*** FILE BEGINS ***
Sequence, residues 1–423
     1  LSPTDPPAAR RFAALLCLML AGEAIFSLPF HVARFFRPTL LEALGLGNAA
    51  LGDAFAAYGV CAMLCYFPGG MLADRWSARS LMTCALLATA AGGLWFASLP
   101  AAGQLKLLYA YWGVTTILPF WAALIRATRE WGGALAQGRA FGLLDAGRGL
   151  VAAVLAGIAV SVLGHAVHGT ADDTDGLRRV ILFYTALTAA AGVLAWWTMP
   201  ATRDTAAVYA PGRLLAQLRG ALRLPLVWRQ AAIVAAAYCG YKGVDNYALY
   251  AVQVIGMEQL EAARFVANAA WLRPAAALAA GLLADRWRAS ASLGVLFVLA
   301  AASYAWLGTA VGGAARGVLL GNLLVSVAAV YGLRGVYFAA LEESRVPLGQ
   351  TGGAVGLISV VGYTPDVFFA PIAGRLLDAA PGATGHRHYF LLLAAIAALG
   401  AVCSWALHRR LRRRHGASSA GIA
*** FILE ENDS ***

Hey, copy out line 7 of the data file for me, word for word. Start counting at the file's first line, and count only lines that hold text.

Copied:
   251  AVQVIGMEQL EAARFVANAA WLRPAAALAA GLLADRWRAS ASLGVLFVLA